WARREN COUNTY, Iowa -- Residents of Warren County say they are fed up with road conditions around the county.
The county engineer blames the weather and a lack of money for the large potholes and muddy conditions.
“Where Warren County meets Polk County, things are really bad. The conditions are difficult to walk through, let alone drive through,” Katie Egan said of 140th Avenue.
Cole Wilson says he slows down to about 10 mph in order to drive on the roads with bad potholes.
“Your car just gets disgusting. You can’t keep it clean. Your kids’ shoes are full of mud from walking. It’s not very fun,” Jolynn Riedesel said.
Riedesel, a mother of two, says her main concern is safety.
“When we’re driving out here and you’re coming up a hill, you’re essentially in the middle of the road because both sides are so swampy. You’re coming up blind on someone coming down the hill. It’s a head-on collision waiting to happen.”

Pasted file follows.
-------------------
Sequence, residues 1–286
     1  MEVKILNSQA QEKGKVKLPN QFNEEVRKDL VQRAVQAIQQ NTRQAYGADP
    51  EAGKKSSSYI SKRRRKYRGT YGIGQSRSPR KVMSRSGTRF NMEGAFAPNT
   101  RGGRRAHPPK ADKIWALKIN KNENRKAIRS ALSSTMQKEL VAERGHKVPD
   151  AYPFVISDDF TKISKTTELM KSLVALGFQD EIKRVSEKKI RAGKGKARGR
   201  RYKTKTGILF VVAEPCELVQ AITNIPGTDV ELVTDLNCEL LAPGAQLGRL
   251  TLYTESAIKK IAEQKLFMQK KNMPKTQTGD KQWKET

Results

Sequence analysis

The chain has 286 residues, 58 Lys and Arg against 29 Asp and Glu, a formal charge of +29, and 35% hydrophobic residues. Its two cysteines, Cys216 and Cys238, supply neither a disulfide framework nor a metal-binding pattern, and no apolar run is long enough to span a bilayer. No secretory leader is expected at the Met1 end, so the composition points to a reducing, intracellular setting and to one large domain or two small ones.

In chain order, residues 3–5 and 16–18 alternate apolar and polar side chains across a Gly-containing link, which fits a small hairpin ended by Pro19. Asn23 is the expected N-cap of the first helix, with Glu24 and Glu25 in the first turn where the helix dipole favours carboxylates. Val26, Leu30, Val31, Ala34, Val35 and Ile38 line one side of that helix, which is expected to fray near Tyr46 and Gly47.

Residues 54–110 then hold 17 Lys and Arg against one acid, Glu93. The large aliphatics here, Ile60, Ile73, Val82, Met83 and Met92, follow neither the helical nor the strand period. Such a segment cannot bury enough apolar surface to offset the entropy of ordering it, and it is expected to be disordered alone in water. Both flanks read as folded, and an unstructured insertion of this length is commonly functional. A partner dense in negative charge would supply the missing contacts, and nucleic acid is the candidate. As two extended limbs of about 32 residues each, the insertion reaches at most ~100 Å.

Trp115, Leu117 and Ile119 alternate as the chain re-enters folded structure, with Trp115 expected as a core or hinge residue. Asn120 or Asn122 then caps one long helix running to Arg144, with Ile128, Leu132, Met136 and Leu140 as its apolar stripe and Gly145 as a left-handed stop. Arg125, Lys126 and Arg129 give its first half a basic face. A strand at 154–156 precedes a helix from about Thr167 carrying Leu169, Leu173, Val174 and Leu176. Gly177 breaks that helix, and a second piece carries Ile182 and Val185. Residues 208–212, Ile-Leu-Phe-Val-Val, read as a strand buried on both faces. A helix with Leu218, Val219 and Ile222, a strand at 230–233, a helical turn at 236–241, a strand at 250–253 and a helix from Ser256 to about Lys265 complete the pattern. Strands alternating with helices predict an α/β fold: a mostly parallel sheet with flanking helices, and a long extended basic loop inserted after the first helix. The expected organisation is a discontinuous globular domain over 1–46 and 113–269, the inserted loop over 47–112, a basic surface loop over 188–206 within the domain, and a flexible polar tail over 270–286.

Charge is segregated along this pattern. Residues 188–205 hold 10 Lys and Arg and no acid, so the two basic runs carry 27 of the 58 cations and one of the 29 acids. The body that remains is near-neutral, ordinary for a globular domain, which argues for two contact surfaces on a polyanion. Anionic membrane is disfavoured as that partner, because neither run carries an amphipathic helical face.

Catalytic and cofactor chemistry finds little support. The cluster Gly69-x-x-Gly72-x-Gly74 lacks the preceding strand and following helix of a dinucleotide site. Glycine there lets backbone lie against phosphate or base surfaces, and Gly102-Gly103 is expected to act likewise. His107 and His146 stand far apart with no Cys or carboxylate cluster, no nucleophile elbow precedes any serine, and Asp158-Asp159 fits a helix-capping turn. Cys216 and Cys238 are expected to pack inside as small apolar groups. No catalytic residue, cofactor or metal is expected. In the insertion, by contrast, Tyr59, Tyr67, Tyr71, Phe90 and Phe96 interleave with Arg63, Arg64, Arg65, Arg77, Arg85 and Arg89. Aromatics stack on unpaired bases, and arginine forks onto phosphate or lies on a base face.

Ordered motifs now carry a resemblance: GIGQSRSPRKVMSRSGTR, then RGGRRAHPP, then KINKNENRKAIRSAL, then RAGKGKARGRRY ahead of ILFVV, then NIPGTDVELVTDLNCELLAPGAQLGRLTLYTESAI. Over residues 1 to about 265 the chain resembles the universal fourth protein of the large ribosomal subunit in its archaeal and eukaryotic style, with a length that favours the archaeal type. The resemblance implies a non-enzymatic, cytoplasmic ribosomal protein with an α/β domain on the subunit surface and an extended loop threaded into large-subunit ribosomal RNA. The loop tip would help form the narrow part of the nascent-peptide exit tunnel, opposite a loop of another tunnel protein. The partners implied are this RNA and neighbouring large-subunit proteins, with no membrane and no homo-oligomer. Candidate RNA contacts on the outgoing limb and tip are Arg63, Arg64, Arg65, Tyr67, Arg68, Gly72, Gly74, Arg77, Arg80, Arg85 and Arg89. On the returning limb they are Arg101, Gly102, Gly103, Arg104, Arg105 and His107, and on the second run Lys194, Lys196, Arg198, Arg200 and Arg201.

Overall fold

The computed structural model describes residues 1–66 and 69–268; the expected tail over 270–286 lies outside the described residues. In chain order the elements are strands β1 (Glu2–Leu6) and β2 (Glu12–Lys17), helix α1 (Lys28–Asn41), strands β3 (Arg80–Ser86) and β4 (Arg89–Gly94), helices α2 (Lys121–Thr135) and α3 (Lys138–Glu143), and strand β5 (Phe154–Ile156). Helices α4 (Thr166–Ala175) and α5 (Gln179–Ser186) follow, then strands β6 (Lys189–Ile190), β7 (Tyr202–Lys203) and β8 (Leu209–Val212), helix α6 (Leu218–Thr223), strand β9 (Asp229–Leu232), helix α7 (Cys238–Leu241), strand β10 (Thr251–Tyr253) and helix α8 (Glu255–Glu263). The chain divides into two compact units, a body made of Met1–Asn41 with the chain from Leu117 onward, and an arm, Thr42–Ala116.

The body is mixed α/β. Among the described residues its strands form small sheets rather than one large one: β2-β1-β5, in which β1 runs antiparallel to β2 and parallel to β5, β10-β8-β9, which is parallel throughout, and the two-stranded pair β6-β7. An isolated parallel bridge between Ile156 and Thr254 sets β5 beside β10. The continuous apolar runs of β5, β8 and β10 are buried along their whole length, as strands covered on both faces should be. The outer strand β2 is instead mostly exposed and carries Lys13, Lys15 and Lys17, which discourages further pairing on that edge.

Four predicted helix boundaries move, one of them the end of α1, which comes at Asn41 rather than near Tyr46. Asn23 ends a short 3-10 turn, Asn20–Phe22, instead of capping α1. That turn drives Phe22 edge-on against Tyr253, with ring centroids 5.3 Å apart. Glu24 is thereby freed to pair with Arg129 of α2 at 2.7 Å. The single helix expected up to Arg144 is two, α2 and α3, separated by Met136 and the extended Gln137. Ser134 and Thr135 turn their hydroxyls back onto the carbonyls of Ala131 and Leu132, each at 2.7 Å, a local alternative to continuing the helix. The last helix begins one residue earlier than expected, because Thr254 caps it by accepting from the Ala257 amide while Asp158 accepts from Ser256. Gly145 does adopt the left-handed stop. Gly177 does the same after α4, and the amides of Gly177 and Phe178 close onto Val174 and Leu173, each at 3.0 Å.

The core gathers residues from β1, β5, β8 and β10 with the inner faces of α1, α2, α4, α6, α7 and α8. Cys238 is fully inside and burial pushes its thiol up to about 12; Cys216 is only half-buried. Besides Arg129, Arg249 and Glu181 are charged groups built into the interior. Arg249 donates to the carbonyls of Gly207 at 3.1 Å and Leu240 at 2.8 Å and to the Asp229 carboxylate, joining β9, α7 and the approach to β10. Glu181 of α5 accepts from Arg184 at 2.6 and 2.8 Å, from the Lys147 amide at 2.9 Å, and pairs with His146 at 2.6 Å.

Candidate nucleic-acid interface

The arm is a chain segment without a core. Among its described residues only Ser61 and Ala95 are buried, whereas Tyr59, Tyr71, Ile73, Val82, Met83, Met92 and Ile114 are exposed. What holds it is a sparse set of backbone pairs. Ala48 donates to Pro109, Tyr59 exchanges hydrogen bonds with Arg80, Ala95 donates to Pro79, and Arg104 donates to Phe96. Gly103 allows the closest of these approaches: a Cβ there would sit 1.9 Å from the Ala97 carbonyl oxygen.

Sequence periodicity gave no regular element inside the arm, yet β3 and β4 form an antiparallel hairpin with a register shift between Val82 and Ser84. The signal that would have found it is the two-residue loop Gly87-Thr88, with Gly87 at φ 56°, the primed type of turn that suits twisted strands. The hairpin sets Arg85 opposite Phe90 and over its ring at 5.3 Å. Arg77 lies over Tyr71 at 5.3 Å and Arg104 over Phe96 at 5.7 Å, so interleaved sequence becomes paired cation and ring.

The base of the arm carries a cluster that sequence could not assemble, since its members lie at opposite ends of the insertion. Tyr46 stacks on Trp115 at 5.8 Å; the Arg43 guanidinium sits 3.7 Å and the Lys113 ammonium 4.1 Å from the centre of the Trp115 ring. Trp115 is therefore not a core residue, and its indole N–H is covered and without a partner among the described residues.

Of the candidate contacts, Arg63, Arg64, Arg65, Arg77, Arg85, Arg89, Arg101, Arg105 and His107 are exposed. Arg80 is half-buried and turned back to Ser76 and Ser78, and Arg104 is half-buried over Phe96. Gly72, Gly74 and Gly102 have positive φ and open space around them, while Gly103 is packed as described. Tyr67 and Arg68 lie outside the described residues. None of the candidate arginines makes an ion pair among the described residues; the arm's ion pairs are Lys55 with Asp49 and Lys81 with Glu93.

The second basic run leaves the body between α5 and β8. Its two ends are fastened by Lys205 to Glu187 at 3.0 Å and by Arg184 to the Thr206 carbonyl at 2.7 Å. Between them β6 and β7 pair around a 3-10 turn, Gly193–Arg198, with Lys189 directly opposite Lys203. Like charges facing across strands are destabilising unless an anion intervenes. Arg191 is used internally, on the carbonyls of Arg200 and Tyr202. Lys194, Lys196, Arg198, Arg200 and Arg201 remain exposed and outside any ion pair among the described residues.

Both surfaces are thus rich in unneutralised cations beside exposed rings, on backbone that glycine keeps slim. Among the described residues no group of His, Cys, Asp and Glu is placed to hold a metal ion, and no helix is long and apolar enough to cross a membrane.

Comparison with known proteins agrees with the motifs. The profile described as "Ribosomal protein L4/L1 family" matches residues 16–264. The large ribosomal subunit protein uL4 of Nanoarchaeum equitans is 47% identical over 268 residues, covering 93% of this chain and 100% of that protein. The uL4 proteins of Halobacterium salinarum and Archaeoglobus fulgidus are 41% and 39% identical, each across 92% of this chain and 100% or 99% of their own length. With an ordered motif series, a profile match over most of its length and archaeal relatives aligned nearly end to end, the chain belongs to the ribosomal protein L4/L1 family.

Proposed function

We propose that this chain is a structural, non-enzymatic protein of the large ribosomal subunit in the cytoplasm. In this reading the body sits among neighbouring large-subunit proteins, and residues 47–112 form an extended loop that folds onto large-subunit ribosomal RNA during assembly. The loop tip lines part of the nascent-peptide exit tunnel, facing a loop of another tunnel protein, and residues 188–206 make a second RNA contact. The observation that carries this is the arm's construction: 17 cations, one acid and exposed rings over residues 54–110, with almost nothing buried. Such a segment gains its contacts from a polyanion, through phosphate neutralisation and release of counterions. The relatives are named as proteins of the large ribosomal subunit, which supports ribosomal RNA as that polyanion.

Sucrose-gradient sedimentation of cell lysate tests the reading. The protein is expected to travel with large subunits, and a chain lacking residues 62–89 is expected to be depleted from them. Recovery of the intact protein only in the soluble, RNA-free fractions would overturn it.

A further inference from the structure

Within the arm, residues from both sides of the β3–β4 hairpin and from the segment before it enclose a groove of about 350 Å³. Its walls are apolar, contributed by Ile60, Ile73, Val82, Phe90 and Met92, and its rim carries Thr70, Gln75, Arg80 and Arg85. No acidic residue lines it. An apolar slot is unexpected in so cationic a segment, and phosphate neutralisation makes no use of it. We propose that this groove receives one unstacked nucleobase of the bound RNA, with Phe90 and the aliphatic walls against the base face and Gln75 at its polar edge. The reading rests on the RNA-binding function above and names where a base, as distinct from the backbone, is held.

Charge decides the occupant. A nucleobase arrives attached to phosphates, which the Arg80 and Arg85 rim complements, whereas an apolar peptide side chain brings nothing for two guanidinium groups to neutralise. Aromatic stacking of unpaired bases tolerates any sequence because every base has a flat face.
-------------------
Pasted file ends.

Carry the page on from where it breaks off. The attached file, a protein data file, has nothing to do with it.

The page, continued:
Riedesel lives in Carlisle and said she's been hounding the county engineer's office about the treacherous conditions of the roads, seeking answers and results but to no avail.
“They’ll say that we had a hard winter and it’s been wet, but this didn’t happen overnight. This has been degrading yearly,” she said.
David Carroll says since county becoming engineer and having input into the fiscal year 2016 budget and beyond, the department has significantly improved its maintenance operations. He also said money is an issue.
“We have had to cut local projects except our highest-priority ones, such as structures damaged by the June and July flooding,” he said. “There simply is not enough money to do both increased maintenance and al the new construction needed simultaneously.”
Meanwhile, in a little over a week, Warren County residents will have a chance to vote to establish a local option sales tax. Some of those funds could be used to improve roads.
“I have a really hard time voting 'yes' for that. I really do when I’m not seeing things taken care of in our community,” Riedesel said.
Carroll says the county hasn't been able to place its heavy machinery on the roads without tearing up more miles of roadway. Right now, the main focus is on hauling and stockpiling rock with every truck available for use when the weather consistently either dries or freezes up, he says.
Carroll provided Channel 13 with an approximate breakdown of total dollars spent and budgeted to provide gravel in the county: Warren County Road Condition Statement 021916